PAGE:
12. Denise_M

    Denise_M MajorGeek

    - All of my drivers are up-to-date (know for a fact)
    - The ext hdds are connected to USB 2.0 HUBs. I have 4 of them. Two are connected to a USB 2.0 port on my pc and the other 2 are daisy-chained from each
    - My BIOS is up-to-date. ASUS hasn't updated it in a few years.
    - I don't know what a SATA and a USB bus is
    - I'm having problems with a certain update. SP2 installed a wups file and it's associated in the registry. One of the updates removes the association in the registry but leaves the wups file, which causes havoc, and I mean real havoc. I did 2 Repairs and a format. Since the format, I've been downloading and installing one update a day until I find the one that's causing the problem, but I used to have Automatic Updates turned on. To tell the truth though, it seems that my computer runs slower since a number of updates have been installed.
    - I have a pretty good processor . . . AMD Athlon Gforce 8400 64 X2 4200+. Whenever I look in Task Manager, Process Idle Tasks is between 97 to 99.
    - My RAM is pretty good too . . . Ballistix 2x1G RAM, 184-pin DIMM, 128MX64 DDR PC3200, Unbuffered. This was the middle speed. I should have purchased the fastest speed, though.
    - My drives are defragmented often. I use Disk Defragmenter GUI and then Windows Defragmenter. I also use Advanced Windows care. It's like CCleaner for a 64-bit os. It keeps my pc pretty clean and I run it once a day. I also run AdAware once a day and MBAM and SuperAntiSpyware once or twice a week and Avast! in full, in-depth mode about once a month. I don't have any trojans or viruses. The scans usually just show some cookies and AdAware will find an MUI object or two.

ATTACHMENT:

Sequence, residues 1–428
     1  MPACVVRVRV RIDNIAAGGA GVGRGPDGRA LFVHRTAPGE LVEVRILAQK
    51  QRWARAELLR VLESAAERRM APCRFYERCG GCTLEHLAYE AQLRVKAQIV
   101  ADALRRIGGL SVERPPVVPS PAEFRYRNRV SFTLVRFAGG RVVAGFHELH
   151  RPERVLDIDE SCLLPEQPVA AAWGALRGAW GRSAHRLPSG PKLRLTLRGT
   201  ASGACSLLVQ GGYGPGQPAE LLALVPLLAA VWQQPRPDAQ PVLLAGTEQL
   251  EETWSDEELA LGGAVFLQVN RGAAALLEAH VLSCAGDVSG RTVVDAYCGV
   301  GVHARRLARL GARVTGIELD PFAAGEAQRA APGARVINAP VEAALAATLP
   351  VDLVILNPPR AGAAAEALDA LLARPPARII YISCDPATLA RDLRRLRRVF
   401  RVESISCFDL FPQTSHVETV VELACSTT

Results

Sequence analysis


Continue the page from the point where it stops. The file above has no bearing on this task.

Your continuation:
-I only buy ext hdds that have 7200rpm, 16mb buffer. My internal hdd is a Seagate Barracuda 7200.10 SATA 3.0 Gb/s 320Gb.

    I built this computer with the help of a bunch of great people here. It was one heck of a thread . . . I think it had over 800 posts. http://forums.majorgeeks.com/showthread.php?t=116772
    I learned a lot about computers hardware at the time and I've learned a lot more since then, and about software/firmware/driver updates since then.
  13. rmyere

    rmyere Private E-2

    OK WHOA WHOA WHOA!!! Slow down here!!! There has been quite a bit of a mixup of data speeds concerning SATA and USB here. Let me explain. First in the short run-

    A SATA (one or two) drive in a USB 2.0 external enclosure WILL ALWAYS run at USB 2.0 speeds, as it is slower.

    Now for a bit more detail-

    1. SATA l runs as 1.5 Gbit/s. This is the same as 150 MBytes/s

    2. SATA ll runs at 3.0 Gbit/s or 300 MBytes/s

    3. USB 2.0 runs at 480 Mbit/s or only 60 MBytes/s

    Now keep in mind, these are ALL theoretical numbers, especially the USB ones. In real life, USB runs at a bit less than half of its rated speed. You must understand the difference between 1 Mb and one MB. The first is a MegaBIT and the second is a MegaBYTE. A MegaBYTE is much larger than a MegaBIT. In Fact, it is eight times larger. So USB 2.0 is way, way slower than either version of SATA.

    Anyway, the maximum speed of SATA has not even been achieved, as HDDs cannot even go as fast as SATA l. They transfer Data at about 80-100 MBytes/s. This is a very rough estimate as there are many different types of hard drives. I would recommend getting a hard drive enclosure with a firewire, or even eSATA port to connect to your computer if you are looking for speed of data transfer. Otherwise, your limiting factor will most assuredly be the REAL USB 2.0 speed of about 20-30 MB/s.